http://en.wikipedia.org/wiki/File:Bunde ... Hitler.jpg
And here with members of the Bosnian SS division:
http://en.wikipedia.org/wiki/File:Bunde ... lligen.jpg
Does this excuse the Srebenica Massacre? Of course not - heaven forbid - but it does throw more historical light on the Bosnian Muslims of a couple of generations earlier and the willingness of many of them to participate in the extermination of the Jews. (Again, it could be argued that was more an ethnic than a religious question.)
It is important that we don't imagine (and I don't think anyone here does imagine) that Muslims are the only source of religious persecution, despite the fact that Islamic states and organisations are currently enacting and claiming to justify in religious terms, systematic and horrific persecution.

No, not the only source, DG, but as I've pointed out before, the vast majority of cases of religious persecution in the world today are committed by Muslims, and mainly against Christians. This is not least because it is a systematic tenet of Islam that the 'kuffurs', or non-faithful (ie. non-Muslims) are inferior and should be persecuted, even killed, if they do not accept the true faith*. This is now happening on an increasing scale in Muslim lands where there is little or no check (eg. as in our societies) on such activities by the authorities. Though certainly worthy of mention here (that's what the thread is for, after all), especially if individual cases can be cited for our help and prayers, the fact is that the incidence of such cases pales in comparison to the sheer scale of what is happening in the Muslim world.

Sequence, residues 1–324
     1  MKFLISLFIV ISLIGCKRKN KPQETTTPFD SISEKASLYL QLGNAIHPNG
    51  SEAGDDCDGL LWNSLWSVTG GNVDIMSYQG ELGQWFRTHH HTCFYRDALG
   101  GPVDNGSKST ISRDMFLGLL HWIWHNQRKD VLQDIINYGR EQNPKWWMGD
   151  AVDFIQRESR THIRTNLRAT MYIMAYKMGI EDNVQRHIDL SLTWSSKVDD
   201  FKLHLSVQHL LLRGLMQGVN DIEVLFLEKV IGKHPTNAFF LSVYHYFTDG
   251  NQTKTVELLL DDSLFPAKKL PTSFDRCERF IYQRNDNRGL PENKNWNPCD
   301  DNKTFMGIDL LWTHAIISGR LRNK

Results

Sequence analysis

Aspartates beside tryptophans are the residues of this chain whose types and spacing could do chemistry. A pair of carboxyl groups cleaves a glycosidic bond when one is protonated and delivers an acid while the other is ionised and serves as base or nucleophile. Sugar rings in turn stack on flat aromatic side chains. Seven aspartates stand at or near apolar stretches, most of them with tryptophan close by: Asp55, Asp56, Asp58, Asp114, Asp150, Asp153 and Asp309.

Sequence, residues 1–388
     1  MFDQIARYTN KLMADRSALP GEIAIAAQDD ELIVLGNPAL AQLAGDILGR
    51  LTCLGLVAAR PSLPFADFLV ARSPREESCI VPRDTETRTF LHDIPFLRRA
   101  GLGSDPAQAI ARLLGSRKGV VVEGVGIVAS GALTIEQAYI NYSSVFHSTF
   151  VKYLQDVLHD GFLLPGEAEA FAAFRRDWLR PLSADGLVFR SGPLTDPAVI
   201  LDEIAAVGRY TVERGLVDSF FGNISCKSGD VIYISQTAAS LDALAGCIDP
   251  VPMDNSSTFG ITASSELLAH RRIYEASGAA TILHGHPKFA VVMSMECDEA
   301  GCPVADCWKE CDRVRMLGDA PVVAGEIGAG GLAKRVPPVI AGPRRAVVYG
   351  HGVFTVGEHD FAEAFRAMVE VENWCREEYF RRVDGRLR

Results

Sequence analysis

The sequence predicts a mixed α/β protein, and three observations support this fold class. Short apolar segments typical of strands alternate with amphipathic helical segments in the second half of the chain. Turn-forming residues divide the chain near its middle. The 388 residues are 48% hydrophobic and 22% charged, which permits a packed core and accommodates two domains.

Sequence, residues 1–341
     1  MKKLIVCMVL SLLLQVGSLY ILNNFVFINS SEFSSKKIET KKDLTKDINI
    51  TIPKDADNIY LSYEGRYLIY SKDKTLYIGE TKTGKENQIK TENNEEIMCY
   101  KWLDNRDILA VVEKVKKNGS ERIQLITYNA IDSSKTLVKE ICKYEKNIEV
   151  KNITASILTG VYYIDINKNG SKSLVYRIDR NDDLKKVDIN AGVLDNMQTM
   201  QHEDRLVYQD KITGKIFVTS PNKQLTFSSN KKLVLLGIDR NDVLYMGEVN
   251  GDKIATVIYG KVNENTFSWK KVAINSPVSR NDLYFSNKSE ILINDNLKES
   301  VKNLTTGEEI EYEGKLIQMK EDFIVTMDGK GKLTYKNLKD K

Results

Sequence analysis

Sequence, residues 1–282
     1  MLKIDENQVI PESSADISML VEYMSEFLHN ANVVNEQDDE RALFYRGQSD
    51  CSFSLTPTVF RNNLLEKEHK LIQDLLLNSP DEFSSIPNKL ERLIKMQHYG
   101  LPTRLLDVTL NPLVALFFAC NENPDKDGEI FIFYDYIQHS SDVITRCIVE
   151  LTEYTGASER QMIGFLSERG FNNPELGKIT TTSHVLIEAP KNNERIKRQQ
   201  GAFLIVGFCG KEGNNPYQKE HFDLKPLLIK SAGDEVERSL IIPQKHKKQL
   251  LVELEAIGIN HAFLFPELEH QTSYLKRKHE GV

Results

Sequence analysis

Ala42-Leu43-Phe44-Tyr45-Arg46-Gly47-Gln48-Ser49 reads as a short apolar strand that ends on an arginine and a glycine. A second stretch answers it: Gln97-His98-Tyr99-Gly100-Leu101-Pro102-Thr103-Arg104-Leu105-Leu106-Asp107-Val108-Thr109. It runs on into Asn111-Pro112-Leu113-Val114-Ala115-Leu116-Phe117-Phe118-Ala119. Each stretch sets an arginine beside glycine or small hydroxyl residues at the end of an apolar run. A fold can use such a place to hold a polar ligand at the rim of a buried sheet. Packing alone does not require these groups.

[* Odd, localised exceptions such as those Buddhists you mention apart, I know of no other major religion which holds to such beliefs and practices.]
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Re: Religious persecution

Postby different glory » June 18th, 2012, 1:14 pm

I'm not sure those 8000 Bosnians were killed precisely because of their religion but largely for other, mainly political and ethnic, reasons


Absolutely -- a point I was making a few posts back, when I said
For instance, when Serbian Orthodox massacred Bosnian Muslims ... was it a religious persecution? ("No", is the answer I'm suggesting.)
.

Part of the reason I wanted to keep a thread open to look at religious persecution generally is precisely because it is useful (I think) to try to disentangle the threads of complex motives which go under the guise of religious conflict. Nigeria is a case in point -- more churches burned yesterday (Sunday) and this seems to be settling into a pattern. Retaliation from Christian groups is expected. Does anyone know of the ethnic/political/land-related elements in this conflict?